Subversive Reader Reviews: Alice and the Apple Blossom Fair (AWW2013)

Book reviews and AWW posts can be found here.

AWW2013 – Book 27

Alice and the Apple Blossom Fair

Adventures of a Subversive Reader:Alice and the Apple Blossom Fair

Davina Bell
Children’s Historical Fiction

Library Book, Moreton Bay Regional Libraries


There may be spoilers for Meet Alice, the first book in the mini-series, in this review


The second of Alice’s stories takes a definite turn towards sadness, as Alice deals with her decision to give up ballet and the departure of her brother, Teddy for the war front. Just when things seem bad enough, Alice gets on the wrong side of her friend Jilly’s mother. Jilly’s mother forbids Jilly from having any contact with Alice or her family, and then goes out of her way to make misery for Alice’s family. And on top of all that, there’s a mysterious vandal ‘wrecking’ the town.

I really, really, really disliked Jilly’s mother. Some people might say that it was unreasonable for a grown woman to have such an attitude towards a bunch of children, but (sadly) I can totally see that, especially in a small town and under the stresses of war. Jilly’s brother was also particularly nasty, and I don’t really buy the ‘shell shock’ explanation, since Alice disliked him before the war started. With Alice no longer doing ballet, you can see her need to throw herself into other things. She goes out of her way to make their stall a success at the fair and when it comes to uncovering the real identity of the Vandal. (There’s also a cameo appearance by Lionel Logue – although apparently that’s a little historically inaccurate)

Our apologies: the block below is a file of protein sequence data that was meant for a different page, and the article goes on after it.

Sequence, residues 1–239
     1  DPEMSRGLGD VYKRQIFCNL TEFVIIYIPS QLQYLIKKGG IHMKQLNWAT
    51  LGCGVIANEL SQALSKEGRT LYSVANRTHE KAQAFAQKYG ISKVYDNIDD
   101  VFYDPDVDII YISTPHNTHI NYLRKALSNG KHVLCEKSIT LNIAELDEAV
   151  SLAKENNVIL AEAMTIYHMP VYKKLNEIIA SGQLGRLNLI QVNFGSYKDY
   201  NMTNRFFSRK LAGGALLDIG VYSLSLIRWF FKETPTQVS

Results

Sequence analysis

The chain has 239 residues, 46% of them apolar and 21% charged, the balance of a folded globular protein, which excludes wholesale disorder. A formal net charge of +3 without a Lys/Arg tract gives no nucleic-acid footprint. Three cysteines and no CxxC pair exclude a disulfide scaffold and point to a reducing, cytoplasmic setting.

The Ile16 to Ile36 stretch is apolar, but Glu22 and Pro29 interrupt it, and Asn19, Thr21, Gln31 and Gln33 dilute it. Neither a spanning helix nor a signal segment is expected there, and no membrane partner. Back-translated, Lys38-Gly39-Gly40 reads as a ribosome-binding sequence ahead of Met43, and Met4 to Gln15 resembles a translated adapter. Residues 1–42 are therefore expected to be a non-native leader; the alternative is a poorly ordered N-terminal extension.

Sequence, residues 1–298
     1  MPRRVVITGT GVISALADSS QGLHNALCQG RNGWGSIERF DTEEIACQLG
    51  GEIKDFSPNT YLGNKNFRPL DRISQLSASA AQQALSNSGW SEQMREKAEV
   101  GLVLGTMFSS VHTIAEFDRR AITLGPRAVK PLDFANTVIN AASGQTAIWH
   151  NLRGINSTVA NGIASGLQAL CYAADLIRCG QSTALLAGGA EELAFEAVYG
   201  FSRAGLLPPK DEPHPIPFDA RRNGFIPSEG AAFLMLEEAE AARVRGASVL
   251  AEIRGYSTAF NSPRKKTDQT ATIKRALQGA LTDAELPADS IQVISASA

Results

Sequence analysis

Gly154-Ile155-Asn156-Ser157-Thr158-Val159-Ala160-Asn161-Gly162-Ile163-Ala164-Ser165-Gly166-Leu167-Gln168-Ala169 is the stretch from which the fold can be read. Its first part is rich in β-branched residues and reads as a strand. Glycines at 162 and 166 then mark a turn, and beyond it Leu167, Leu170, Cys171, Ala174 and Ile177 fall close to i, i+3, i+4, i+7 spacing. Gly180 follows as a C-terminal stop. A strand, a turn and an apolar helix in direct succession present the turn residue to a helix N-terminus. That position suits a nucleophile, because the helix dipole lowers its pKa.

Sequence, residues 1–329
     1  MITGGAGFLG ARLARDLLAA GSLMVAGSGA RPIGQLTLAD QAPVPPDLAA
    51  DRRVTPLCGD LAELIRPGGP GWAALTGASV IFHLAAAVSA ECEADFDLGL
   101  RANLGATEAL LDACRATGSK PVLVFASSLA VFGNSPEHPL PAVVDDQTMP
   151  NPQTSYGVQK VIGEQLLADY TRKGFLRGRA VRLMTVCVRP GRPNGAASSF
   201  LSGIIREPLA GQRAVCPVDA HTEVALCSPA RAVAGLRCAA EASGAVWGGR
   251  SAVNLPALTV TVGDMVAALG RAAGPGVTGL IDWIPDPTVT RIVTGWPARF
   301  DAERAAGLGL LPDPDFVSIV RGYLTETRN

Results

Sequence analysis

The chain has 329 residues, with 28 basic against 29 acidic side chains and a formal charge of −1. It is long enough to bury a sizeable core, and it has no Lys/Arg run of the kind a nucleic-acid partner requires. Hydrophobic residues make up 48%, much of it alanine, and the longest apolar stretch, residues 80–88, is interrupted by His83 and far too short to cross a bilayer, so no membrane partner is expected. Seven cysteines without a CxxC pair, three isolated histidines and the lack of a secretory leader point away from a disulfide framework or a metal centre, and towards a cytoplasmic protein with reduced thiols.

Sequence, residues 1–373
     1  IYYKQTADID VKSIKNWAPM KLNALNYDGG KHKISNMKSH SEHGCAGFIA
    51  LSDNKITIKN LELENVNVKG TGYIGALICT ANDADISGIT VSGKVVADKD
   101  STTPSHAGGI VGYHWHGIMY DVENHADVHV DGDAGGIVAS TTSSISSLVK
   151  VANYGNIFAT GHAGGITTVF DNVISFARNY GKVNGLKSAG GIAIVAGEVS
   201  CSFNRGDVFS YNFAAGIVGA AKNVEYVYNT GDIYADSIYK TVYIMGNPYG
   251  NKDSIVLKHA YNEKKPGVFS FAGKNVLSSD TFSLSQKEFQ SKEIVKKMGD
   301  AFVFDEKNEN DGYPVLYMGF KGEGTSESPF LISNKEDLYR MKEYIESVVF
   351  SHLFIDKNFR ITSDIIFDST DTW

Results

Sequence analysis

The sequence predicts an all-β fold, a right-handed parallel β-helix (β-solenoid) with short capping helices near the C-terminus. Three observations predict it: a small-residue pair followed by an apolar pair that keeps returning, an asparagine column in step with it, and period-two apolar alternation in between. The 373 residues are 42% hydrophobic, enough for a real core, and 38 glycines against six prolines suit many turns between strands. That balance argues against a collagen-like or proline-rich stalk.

It was really interesting to read the second book in the series – all of the other Our Australian Girl books I’ve read have been the first books in the series, so it was great to watch the story build and the characters be extended. I’ve been thinking about social history and the recognition of women and children in history recently, particularly after reading Gold, Graves and Glory. This series is very good at mixing the big events with the every day – and by necessity the every day involves women and children. The every day, the social history and the people involved in it, need to be out there – visible for both boys and girls.



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